The New Jersey Meadowlands Commission (NJMC) has selected TransCore to deploy the SCATS adaptive traffic control system, throughout the 30-square miles of the Hackensack Meadowlands District. The US$3 million contract was won through an open public bidding process and is predominantly funded by the Commission’s Transportation Investment Generating Economic Recovery (TIGER II) grant to implement the Meadowlands Adaptive Signal System for Traffic Reduction (MASSTR) program. The four-phased program will be complete by December 31, 2013 and will involve the implementation of SCATS at more than 128 intersections.
MASSTR is the result of an evaluation of the existing signalized intersections in the region and the applicability of alternative adaptive signal control systems, in order to support the fluctuating traffic patterns in the district. The NJMC ultimately determined there was a lack of coordination across traffic signals and a need to upgrade dated technology. Adding to the complexity, the traffic signals are under the jurisdiction of multiple agencies, including the New Jersey Department of Transportation, the New Jersey Turnpike Authority, Bergen County, Hudson County, municipal authority and private owners. SCATS (Sydney Coordinated Adaptive Traffic System) was originally developed in Australia by the Roads and Transport Authority (RTA). The system operates in real-time to adjust signal timing in response to changes in traffic demand, while providing immediate and historical traffic information for traffic engineers.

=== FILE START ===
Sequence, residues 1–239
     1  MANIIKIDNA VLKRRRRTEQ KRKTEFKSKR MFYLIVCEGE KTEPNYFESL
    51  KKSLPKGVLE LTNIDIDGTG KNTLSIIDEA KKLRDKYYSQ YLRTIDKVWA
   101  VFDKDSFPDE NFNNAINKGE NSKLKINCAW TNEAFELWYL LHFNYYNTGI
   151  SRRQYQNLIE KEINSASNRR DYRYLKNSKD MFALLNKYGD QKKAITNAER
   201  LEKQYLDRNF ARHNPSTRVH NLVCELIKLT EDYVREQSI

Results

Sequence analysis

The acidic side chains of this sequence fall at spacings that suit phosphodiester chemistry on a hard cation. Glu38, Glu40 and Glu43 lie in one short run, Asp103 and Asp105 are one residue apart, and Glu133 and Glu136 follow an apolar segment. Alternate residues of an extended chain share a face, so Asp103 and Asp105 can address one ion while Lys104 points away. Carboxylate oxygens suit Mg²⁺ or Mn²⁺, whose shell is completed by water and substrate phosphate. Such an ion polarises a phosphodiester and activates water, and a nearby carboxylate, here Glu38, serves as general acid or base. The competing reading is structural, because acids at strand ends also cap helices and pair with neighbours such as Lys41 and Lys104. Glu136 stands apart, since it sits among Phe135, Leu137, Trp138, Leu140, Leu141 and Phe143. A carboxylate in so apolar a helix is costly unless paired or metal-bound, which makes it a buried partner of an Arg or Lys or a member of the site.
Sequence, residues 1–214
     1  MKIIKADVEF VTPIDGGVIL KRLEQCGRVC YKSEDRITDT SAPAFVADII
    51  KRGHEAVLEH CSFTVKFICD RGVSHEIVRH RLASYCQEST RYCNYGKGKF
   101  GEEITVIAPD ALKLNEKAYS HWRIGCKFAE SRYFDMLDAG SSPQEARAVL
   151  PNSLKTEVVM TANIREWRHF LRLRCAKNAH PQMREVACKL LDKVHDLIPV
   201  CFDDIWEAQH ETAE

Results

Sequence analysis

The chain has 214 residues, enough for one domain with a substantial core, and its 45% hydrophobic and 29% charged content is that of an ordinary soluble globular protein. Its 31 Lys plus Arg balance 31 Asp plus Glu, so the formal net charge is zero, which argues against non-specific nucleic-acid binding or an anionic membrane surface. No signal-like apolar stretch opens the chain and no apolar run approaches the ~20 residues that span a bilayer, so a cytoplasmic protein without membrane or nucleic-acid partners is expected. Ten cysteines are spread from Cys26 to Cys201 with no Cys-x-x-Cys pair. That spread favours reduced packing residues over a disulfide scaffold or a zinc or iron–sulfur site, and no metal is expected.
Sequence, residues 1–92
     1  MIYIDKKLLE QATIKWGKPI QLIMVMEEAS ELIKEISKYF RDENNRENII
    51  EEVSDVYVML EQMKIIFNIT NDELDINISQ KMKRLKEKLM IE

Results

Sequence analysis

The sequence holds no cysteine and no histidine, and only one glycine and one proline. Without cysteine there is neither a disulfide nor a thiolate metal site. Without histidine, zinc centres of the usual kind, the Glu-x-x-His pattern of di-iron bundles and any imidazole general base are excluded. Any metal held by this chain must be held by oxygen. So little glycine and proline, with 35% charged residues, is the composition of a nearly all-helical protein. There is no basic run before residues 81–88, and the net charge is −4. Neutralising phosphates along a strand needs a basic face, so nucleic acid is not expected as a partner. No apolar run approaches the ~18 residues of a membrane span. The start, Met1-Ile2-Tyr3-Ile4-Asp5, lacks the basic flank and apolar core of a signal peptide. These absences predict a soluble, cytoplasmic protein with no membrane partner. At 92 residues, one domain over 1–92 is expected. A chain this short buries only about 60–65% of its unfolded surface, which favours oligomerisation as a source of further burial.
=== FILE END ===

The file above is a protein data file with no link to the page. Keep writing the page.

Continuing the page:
SCATS is currently one of the world’s most widely used adaptive traffic control systems, controlling more than 30,000 intersections globally and more than 1,000 intersections in the USA alone. Over 350 new SCATS signals are slated for deployment across the USA in the next 12 months. Bob Ball, TransCore’s managing director for the northeast region, explained, “This will be the largest deployment of SCATS in the Northeast and will be the fourth largest deployment of adaptive signal technology in the country. Because the area crosses over different corridors with varying issues and objectives, SCATS flexibility and configurability allows for such an all-encompassing installation.”
23 May 2012
28 Jan 2015 16:22
Mayor announces final plans for London’s ‘bicycle superhighways’
28 Jan 2015 16:19
‘Preliminary vendors’ selected Oregon’s Road Usage Charge program
28 Jan 2015 16:06
Three Brazilian cities share international Sustainable Transport Award
28 Jan 2015 15:59
New 3G wireless option available for on-street traffic equipment
27 Jan 2015 15:51
German consortium improves navigation using traffic data via DAB+